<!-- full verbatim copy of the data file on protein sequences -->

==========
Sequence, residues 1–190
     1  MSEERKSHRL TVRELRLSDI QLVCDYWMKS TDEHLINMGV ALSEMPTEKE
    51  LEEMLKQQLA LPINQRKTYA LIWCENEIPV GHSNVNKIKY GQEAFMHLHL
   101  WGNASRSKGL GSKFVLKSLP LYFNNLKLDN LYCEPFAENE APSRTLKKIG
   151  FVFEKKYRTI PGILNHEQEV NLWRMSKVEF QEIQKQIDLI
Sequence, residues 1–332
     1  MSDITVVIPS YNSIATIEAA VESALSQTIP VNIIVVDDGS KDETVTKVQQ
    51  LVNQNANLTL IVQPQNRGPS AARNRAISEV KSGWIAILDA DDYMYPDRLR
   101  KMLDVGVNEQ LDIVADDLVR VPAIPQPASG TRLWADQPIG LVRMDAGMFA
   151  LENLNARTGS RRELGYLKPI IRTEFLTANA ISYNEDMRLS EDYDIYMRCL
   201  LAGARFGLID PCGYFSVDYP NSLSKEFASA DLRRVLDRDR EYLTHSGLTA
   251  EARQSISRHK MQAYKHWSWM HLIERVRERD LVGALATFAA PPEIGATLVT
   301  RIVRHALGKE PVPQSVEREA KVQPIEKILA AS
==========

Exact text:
Sequence, residues 1–190
     1  MSEERKSHRL TVRELRLSDI QLVCDYWMKS TDEHLINMGV ALSEMPTEKE
    51  LEEMLKQQLA LPINQRKTYA LIWCENEIPV GHSNVNKIKY GQEAFMHLHL
   101  WGNASRSKGL GSKFVLKSLP LYFNNLKLDN LYCEPFAENE APSRTLKKIG
   151  FVFEKKYRTI PGILNHEQEV NLWRMSKVEF QEIQKQIDLI
Sequence, residues 1–332
     1  MSDITVVIPS YNSIATIEAA VESALSQTIP VNIIVVDDGS KDETVTKVQQ
    51  LVNQNANLTL IVQPQNRGPS AARNRAISEV KSGWIAILDA DDYMYPDRLR
   101  KMLDVGVNEQ LDIVADDLVR VPAIPQPASG TRLWADQPIG LVRMDAGMFA
   151  LENLNARTGS RRELGYLKPI IRTEFLTANA ISYNEDMRLS EDYDIYMRCL
   201  LAGARFGLID PCGYFSVDYP NSLSKEFASA DLRRVLDRDR EYLTHSGLTA
   251  EARQSISRHK MQAYKHWSWM HLIERVRERD LVGALATFAA PPEIGATLVT
   301  RIVRHALGKE PVPQSVEREA KVQPIEKILA AS